National jobs emergency

The jobless numbers to be announced Friday will probably bring grim news that will distress the nation, alarm official Washington, threaten incumbents of both parties and dramatize the need for major bipartisan action to create jobs.

While President Barack Obama and virtually every member of the House and Senate proclaim the primacy of jobs over all other issues, the nation barely witnesses a modest jobs bill while political and media elites escalate the national spectacle over healthcare politics and tactics.

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It is time to recognize that Americans face a national jobs emergency and time for both parties to seek a dramatic bipartisan jobs bill. 2010 should be the year of creating jobs, while 2011 should begin the hard choices of lowering deficits and debt.

While remaining stimulus money is spent in the coming months, the president and Congress can inject an economic booster shot through targeted but significant business tax cuts to dramatically incentivize the small businesses and high-growth companies that create the most jobs.

American jobs are created by risk-takers, not asset-shufflers. There should be significant rewards for small-business entrepreneurs, venture capitalists and all investors who take risks that grow businesses and create jobs.

Dramatic tax benefits should be enacted that begin immediately and expire by Sept. 30, 2010. These incentives should be very dramatic, and the time period for taking advantage of them should be very compressed to minimize the cost and maximize the benefit during the turnkey period when recession becomes growth but job creation lags.

For small businesses that create jobs and increase payrolls in the coming months, there should be a dramatic jobs tax credit worth at least $5,000 for new hires prior to Sept. 30.

The president and Congress can enact a full capital gains tax exemption, with a capital gains tax rate of zero, for new investors in small and fast-growth businesses prior to Sept. 30 for assets held at least two years.

I would propose including in the capital gains tax holiday new investments in newspapers, which make an extraordinary contribution to our democracy and are struggling to create financially viable synergies with new media and social networking.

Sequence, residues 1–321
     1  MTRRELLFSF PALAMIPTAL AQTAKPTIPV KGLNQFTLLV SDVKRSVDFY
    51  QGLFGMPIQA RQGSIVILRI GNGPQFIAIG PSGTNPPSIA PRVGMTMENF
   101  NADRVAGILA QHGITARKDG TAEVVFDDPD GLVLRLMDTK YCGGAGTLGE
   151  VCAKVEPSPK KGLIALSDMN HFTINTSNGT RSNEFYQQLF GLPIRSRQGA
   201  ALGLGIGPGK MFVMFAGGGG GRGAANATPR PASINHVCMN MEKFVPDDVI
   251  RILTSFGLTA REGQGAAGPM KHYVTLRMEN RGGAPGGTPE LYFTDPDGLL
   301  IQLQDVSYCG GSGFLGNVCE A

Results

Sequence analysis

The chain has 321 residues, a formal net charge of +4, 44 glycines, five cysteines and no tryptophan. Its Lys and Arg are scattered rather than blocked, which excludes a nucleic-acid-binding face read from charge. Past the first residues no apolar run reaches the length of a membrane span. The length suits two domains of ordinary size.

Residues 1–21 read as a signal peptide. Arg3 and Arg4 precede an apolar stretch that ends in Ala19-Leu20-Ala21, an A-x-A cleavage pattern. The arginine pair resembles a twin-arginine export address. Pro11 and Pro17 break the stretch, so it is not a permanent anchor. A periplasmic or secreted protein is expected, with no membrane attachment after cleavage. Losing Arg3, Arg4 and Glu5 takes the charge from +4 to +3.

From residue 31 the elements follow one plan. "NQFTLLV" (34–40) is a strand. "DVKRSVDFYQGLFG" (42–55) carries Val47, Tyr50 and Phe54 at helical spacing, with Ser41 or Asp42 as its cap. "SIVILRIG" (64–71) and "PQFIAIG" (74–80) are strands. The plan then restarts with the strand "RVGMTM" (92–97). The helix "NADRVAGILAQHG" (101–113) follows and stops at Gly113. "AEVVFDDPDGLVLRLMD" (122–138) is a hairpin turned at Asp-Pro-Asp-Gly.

Given the limitations for bipartisan deal-making during a national jobs emergency, there should be significant bipartisan support for short-term tax cuts tied directly to job creation that increases business payrolls.

One of the great impediments to creating new jobs is the inability of even strong, well-run and successful growth companies and small businesses to attract capital. Far too often banks refuse to lend, credit lines are cut and credit cards, which are essential to many small businesses, have had rates raised and credit lowered.

Short-term, dramatic, job-focused tax cuts would bring a substantial capital inflow from venture capitalists, private equity funds, Wall Street firms and individual investors willing to risk private capital in ventures creating growth and jobs.

These tax cuts would generate jobs in the short to medium term. With economic recovery and a short expiration date, more conventional financing sources such as banks would almost certainly loosen the spigots, fearing they would lose out on the most safe and profitable loans they decline to make today.

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Government spending is important and the stimulus spending, which clearly has had some positive impact, will increase in coming months.

What is urgently needed is “bridge money” to jumpstart the jobs engines of the economy through private capital flowing to firms that create the jobs.

As Americans will be reminded when the jobs numbers are released Friday, the nation faces a jobs emergency. While healthcare maneuvers proceed, both parties can enact a job-creating booster shot that the economy desperately needs and the voters urgently want.

Budowsky was an aide to former Sen. Lloyd Bentsen and Bill Alexander, then chief deputy majority whip of the House. He holds an LL.M. degree in international financial law from the London School of Economics. He can be read on The Hill’s Pundits Blog and reached at brentbbi@webtv.net.